4.2 The Land Acquisition Act (the Act), 1894

The Land Acquisition Act is a legislation to facilitate acquisition of certain notified piece of land from an individual or group of people. However, there should be a public purpose for acquiring the land and a person whose land is going to be acquired must be adequately compensated. Therefore, the Act provides for four distinct issues – a) acquisition of land b) taking possession of land c) assessment of compensation and d) payment of compensation. Part VII of the Act provides for acquisition by Indian

companies also. A company can acquire land only if it has a prior consent and agreement with the state government after it satisfies the state government that the affected party has been duly compensated.

4.3 The Indian Stamp Act, 1899

Stamp duty is a tax, which is paid for the transaction performed by way of document or instrument. The duty is calculated based on the amount of consideration mentioned in a document. State governments can decide on the rates of stamp duty for documents connected with sale and transfer of an immovable property. The rates of stamp duty essentially vary from 5% to 14.7% depending on the state where the property is located. It is important that a transactional document is properly stamped because in case of any dispute, an insufficiently stamped document is inadmissible in evidence.

4.4 The Registration Act, 1908

The purpose of Registration Act is to ensure that proper records are maintained with the municipal authorities  for  all  transactions  related  to  land/property.  It  is  mandatory  to  register  documents  relating  to land/property.  A  document,  which requires  compulsory  registration,  should  be  submitted  for  registration within four months from date of execution13. An un-registered document shall not affect any rights of the parties in immovable property comprised therein, but in the event of a dispute, its evidentiary value is lowered and it cannot be relied upon.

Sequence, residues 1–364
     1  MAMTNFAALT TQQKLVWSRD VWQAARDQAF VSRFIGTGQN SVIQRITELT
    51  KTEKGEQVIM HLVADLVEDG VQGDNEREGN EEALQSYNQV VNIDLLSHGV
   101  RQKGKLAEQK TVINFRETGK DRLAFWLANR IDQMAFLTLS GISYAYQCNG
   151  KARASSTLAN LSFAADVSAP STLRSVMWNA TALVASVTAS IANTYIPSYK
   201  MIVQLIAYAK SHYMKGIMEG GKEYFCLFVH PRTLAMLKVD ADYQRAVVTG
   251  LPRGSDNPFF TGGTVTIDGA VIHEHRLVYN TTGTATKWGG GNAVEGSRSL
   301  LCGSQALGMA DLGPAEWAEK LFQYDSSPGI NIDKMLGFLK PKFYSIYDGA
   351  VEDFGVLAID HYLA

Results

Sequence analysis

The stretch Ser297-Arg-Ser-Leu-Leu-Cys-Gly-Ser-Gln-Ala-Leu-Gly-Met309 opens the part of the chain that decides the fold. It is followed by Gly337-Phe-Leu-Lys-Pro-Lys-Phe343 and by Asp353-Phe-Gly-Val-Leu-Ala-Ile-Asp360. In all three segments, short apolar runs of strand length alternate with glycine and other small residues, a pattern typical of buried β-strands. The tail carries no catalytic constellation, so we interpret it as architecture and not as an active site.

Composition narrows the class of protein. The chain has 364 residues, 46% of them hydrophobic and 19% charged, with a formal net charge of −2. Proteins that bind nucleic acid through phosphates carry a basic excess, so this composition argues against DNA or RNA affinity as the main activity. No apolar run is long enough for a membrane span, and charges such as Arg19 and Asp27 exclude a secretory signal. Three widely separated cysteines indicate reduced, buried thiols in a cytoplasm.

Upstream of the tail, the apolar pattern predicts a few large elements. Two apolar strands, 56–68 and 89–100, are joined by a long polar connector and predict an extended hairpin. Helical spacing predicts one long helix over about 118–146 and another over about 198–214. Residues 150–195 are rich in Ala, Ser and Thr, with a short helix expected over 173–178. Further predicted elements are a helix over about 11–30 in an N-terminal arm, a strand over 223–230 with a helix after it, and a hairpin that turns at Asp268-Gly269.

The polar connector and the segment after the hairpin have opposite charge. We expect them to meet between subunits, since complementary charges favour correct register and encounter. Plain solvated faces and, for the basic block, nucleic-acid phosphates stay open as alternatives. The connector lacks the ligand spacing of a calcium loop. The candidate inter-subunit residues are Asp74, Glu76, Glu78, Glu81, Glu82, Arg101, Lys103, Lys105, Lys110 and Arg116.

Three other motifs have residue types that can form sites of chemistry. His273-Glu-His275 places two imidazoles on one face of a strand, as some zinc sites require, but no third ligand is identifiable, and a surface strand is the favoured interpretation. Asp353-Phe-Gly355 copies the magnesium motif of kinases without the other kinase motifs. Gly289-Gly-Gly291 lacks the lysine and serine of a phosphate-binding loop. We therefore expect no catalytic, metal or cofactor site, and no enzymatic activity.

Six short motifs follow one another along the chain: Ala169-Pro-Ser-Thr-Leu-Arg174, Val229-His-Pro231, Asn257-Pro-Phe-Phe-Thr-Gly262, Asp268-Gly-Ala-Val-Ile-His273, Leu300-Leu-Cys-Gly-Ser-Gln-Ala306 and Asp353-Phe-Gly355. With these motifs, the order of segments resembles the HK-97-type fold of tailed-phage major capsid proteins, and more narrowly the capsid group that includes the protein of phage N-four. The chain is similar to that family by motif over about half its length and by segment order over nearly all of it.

Proposed reforms

The government realizes the importance of the realty sector. It is an industry with immense potential and is the second largest employer next only to agriculture. Nearly 250 ancillary industries such as cement, steel, timber, building materials etc. are dependent on it14. Therefore, every effort should be made to streamline this industry in order to attract more FDI. Described below are certain key changes which, we feel, will encourage further growth.

5.1 Legislative reforms:
The government needs to rationalize the tax rate and various duties imposed on this sector. By far, this sector is already overburdened with taxes15. Stamp duty rates should be uniform across India and, ideally, should vary between 4-6%. This may bring forth transparency in land deals as a buyer tries to conceal the actual price paid fearing high rates of taxes and duties. Although Government has abolished Urban Land (Ceiling & Regulation) Act, 1976 some of the states have not repealed this act. Consequently, nearly 2.2 million hectares of urban land is not available for development.

5.2 Land reforms: